Thursday, Nov. 26, 2015
Where the Wild Things Are / *** (PG)Posted Wednesday, October 21, 2009, at 12:34 AM
Director Spike Jonze takes audiences "Where the Wild Things Are".
I can hear the complaints. "It's not a kids movie." "It's depressing." "It's not any fun." In fact, Warner Bros. Pictures felt director Spike Jonze's original cut of the film was so family unfriendly they made him go back and re-edit some of it. So this is the more family friendly version of the film. But whatever you think the movie should be, it's still a good movie. Possibly a little slow and a little too devoid of humor, but "Where the Wild Things Are" is a smart look at how difficult it can be for a kid to understand just how complicated life can be.
To say this isn't a kids movie is to ignore half--if not more--of what childhood is about. Max (newcomer Max Records) is a boy who must often play by himself because the people closest to him have other things to worry about in their lives. So Max builds forts in the snow by himself and terrorizes his dog and desperately seeks the attention of his Mom (Catherine Keener, "The 40-Year-Old Virgin"), who despite her love for him has many concerns beyond Max--work, her ex-husband, a boyfriend.
Max has a vibrant imagination. When Mom is having a rough day, she has Max make up a story for her. One evening after Max pushes his Mom's buttons to the point where she becomes very angry with him, he runs away. He finds a boat and sails across a sea. He discovers a land inhabited by wild beasts who behave very strangely. After he diffuses a situation with one of the beasts named Carol (voiced by James Gandolfini, "Romance & Cigarettes"), he convinces the small clan of creatures to make him their king.
Jonze's script, co-written by Dave Eggers ("Away We Go"), obviously expands a great deal on Maurice Sendak's children's book. He uses all of the monsters seen in Sendak's book as they were designed by the writer/artist. But unlike the book, each monster is fleshed out into an individual. Each of the monsters contains elements of Max's own personality. Judith (voiced by Catherine O'Hara, "For Your Consideration") is the side of his personality that is always negative. Alexander (Paul Dano, "There Will Be Blood"), the smallest monster, reflects the side of Max that feels no one ever pays any attention to him. The talented tunnel builder Ira (Forest Whitacker, "The Last King of Scotland") is quiet and content. Douglas (Chris Cooper, "Adaptation") is the consummate friend, even when his arm is ripped off! The Bull (Michael Berry Jr., "Star Trek") is an ever present, seemingly imposing force, who turns out to be quite sweet when he finally speaks. KW (Lauren Ambrose, "Starting Out in the Evening") is the one who is breaking away from the juvenile antics of the rest of the group, the element in Max ready to make the leap into adulthood.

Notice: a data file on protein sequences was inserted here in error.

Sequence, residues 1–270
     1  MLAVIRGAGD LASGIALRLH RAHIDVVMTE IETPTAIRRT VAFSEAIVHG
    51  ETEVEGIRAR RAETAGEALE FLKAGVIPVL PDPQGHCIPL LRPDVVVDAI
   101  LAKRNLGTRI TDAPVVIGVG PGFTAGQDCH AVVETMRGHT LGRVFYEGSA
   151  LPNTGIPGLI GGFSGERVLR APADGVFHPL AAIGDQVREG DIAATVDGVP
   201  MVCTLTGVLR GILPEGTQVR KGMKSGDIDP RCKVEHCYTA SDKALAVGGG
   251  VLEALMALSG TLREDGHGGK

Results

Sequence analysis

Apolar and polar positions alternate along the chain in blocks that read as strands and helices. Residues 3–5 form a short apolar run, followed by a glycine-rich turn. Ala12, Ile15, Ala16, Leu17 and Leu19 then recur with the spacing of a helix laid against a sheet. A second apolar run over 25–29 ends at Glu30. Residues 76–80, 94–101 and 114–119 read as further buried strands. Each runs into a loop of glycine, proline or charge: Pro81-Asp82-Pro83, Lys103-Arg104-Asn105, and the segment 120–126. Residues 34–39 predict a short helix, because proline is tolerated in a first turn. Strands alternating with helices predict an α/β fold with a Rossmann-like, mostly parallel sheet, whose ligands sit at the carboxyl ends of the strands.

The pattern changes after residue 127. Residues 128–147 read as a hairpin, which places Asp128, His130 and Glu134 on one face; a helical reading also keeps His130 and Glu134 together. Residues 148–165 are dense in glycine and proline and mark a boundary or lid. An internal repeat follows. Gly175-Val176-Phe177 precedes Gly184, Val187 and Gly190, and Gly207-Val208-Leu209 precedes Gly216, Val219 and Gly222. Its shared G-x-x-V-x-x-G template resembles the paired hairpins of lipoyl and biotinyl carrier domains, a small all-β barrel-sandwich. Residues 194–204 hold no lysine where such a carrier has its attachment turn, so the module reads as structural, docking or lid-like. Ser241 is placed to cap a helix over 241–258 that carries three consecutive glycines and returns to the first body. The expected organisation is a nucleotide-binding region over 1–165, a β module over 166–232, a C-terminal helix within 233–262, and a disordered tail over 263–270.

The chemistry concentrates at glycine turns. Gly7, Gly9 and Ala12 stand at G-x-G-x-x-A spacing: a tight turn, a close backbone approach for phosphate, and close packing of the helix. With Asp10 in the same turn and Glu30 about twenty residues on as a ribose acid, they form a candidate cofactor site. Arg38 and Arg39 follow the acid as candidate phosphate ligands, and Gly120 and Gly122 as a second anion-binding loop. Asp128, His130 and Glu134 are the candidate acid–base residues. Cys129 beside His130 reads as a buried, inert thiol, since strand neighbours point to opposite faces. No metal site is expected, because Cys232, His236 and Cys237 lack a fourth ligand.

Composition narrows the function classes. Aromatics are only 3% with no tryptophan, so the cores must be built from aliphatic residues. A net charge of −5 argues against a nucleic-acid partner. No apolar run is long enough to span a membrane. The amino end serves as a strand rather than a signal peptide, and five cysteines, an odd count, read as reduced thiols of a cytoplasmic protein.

Carol is the most like Max's surface personality, the one who Max learns the most from. What their relationship amounts to is a deep examination of how the mind of a child works. The child wants everything to be the way he expects it to be, and a child's expectations are as grand as their imaginations. Max proposes the building of a giant home for the entire monster clan, with an underground tunnel from one part to another. This fort will spring as a trap when anything enters that one doesn't want to be there. What Max's grand design does not consider is that each monster may not have the same wants and desires. These creatures' personalities are as divergent as any group of people.
For all its insight into a child's psychology, the one thing that "Where the Wild Things Are" is a bit light on is the fun. It is a dark film that misses much of the zeal of life children are able to express, even moments after their world has been devastated. When Max first arrives among the wild things, they do spend some time romping around having fun. But this whole environment is so foreign to the audience; we never really get a chance to relax in it before the tensions begin to arise amongst the monster clan. Plus the "real world" Max exists in is so fraught with the tensions of everyday life; we get the impression that Max lives a depressing life. I don't think Jonze ("Being John Malkovich") intend this, but we needed to see a good time for Max. We almost get that in the snowball fight, but that goes bad.
Many have complained, "This isn't a children's movie." Hogwash, I say. My boy said, "This is sad." But he sat riveted throughout most of it and said he enjoyed it when it was over. "Zombieland" isn't a kid's movie. "Inglourious Basterds" isn't a kid's movie. But there is hardly a movie made without graphic violence and sex that isn't a "kid's movie." Movies are made out of fantasy--even those based on fact. Movies are often our primary connection with our childhood once we reach adulthood. And to say something that is thoughtful, intelligent, and even sad isn't for kids is to deny that kids are capable of these characteristics. "Where the Wild Things Are" may not be what we as adults want out of a kid's movie; but it is of childhood, and therefore something for a kid's wonderment.
"Where the Wild Things Are" is currently playing at Marshall Cinema.
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Andrew is a professionally trained actor and stage director. He was a reporter for the daily newspaper The Marshall Democrat News. He has been critiquing film since Mr. Lucas released the first of his "Star Wars" prequels in 1999. His reviews can also be seen at his blog site.